REMOVE WEEDS: When hand weeding, make sure you remove the roots, especially for tough persistent weeds like bermudagrass, dollarweed, oxalis, nutsedge or torpedograss.

A good alternative to hand removal is to spray the weeds with glyphosate 10 to 14 days before planting (Eraser Grass and Weed Killer, Roundup, Killzall and other brands). This herbicide will kill the tops and roots of weeds, and you can prepare and plant the bed when they are dead. Do not get it on the foliage of desirable plants. Herbicidal vinegar is an organic option, but it does not kill the roots of perennial weeds.

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STAFF PHOTO BY SCOTT THRELKELD This unusual rudbeckia brought smiles at Slidell City Hall in 2002, when workers discovered it growing in their garden near the front steps. The flower’s unusual stamen features two small clumps and a larger U-shaped one, giving it the appearance of a smiling face.  

TURN THE SOIL: Use a shovel, spade, garden fork or tiller, but make sure you dig down at least 8 inches deep. It’s easiest to do this when the soil is damp, but not wet.

ADD ORGANIC MATTER: Spread a 2- to 3-inch layer of organic matter such as homemade or purchased compost or aged manure over the area. Get this at the nursery when you purchase your bedding plants, if you need to. Sprinkle with a general-purpose fertilizer following label directions. Then, thoroughly incorporate the organic matter and fertilizer into the bed.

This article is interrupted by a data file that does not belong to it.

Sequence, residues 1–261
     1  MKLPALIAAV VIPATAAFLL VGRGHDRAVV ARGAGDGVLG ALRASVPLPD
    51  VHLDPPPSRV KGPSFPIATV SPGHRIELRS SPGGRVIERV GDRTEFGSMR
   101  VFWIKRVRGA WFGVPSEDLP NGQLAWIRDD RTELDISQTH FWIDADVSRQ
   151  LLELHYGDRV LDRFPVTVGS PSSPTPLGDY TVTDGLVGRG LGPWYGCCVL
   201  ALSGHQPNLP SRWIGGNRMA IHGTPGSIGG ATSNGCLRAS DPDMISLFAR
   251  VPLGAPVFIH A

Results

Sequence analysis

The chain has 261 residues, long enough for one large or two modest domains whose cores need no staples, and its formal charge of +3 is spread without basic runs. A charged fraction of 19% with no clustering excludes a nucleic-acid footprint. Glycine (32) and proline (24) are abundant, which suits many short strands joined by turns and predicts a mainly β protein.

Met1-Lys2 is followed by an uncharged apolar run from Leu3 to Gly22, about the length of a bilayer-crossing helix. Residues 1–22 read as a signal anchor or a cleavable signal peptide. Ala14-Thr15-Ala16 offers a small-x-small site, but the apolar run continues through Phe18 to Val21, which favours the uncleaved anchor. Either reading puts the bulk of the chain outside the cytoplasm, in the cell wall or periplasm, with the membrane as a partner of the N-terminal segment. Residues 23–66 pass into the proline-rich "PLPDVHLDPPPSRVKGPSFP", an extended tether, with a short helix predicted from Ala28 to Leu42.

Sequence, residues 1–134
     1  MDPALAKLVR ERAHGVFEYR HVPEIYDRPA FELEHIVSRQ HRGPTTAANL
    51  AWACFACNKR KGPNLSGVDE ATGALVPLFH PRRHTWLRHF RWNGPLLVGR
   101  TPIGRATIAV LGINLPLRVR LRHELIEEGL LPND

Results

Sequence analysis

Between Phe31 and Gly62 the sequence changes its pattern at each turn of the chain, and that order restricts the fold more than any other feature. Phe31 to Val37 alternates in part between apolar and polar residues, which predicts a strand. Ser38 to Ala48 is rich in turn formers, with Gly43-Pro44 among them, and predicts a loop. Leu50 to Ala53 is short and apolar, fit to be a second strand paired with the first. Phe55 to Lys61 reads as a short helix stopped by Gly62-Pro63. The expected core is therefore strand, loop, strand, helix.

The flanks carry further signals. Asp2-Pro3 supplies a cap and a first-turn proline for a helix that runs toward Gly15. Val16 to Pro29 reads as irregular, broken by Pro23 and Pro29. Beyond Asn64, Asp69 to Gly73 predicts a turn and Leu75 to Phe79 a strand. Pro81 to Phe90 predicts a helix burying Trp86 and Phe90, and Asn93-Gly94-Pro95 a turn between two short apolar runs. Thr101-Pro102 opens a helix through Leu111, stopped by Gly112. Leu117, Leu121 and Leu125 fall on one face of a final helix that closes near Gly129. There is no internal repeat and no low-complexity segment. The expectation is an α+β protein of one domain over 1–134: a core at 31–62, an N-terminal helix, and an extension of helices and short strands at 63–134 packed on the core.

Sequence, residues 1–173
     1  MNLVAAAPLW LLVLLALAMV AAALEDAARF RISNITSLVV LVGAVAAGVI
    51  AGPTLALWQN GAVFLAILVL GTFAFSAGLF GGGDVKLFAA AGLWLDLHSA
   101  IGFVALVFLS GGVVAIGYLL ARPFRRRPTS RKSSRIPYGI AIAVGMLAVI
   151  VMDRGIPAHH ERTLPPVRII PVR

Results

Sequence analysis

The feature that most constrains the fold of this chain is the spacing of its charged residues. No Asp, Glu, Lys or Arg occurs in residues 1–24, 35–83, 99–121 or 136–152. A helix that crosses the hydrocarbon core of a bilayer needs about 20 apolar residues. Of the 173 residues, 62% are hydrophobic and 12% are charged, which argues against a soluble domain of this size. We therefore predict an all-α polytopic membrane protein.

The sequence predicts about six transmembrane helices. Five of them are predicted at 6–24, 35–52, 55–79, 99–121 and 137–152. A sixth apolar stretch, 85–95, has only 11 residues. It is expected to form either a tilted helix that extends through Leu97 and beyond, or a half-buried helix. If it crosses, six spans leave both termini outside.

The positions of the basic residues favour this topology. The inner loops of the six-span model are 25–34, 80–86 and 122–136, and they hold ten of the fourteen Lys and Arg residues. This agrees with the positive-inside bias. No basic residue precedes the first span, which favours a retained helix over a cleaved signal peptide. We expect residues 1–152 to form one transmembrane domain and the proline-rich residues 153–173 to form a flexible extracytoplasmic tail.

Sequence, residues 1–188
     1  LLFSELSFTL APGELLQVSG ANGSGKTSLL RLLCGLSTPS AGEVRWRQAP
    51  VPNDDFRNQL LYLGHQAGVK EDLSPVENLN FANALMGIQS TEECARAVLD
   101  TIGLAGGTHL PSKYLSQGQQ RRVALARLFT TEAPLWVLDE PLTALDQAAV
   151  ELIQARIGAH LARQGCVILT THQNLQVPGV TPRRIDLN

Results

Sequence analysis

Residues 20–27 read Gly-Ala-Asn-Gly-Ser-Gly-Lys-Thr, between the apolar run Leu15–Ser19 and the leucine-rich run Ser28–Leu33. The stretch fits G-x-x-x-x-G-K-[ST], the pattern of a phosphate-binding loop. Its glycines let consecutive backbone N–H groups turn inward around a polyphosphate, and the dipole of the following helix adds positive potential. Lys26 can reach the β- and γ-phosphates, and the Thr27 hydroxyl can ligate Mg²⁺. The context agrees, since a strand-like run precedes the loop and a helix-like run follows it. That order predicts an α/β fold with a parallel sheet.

EVEN IT OUT: Rake the bed smooth and firm the edges. It should appear slightly raised. This is good as it improves drainage.

PLAN & PLANT: Lay out the individual plants at the proper spacing and arrangement you desire, then plant them.

It’s tempting to plant the young, small plants too close together in order to make an immediate show, not appreciating how large they eventually will grow.

Ideally, the plants should grow together at maturity, completely covering the soil without excessive crowding and competition. Make sure you plant the transplants into the bed no deeper than they were growing in their original containers.

MULCH: This is very important to minimizing your future maintenance. The mulch suppresses weeds, maintains soil moisture, and keeps the soil in the loose condition you worked so hard to achieve. A 2- to 3-inch layer of leaves (oak leaves are great), pine needles, bark mulch or almost anything along those lines will work well.

WATER: Water thoroughly to settle everything in.

Flower gardens add so much beauty to our landscapes. Don’t forget that colorful bedding plants can also easily be grown in containers to brighten patios, porches and decks.


Here are some suggested warm-season bedding plants for our area. Tender perennials that have added stamina to last the summer are marked with an asterisk.

They can bloom for more than one year here if mild winters occur.

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Angelonia flowers in bloom.

SUN TO PART SUN: ageratum, amaranthus, angelonia*, balsam, blue daze*, celosia, cleome, coleus (sun-tolerant types)*, coreopsis, cosmos (yellow, gold and orange flowered types), dusty miller*, gaillardia (short-lived perennial), gomphrena, lantana*, marigold,

Melampodium, narrow-leaf zinnia, ornamental pepper*, periwinkle*, pentas*, portulaca, purslane*, rudbeckia (Goldsturm is a long-lived perennial), salvia*, scaevola*, sunflower, SunPatiens*, tithonia, perennial verbena (hardy perennial), zinnia (Profusion and Zahara perform best).

PART SHADE TO SHADE: balsam, begonia*, browallia*, caladium (perennial tuber)*, coleus*, impatiens*, pentas*, salvia*, torenia (Kauai series).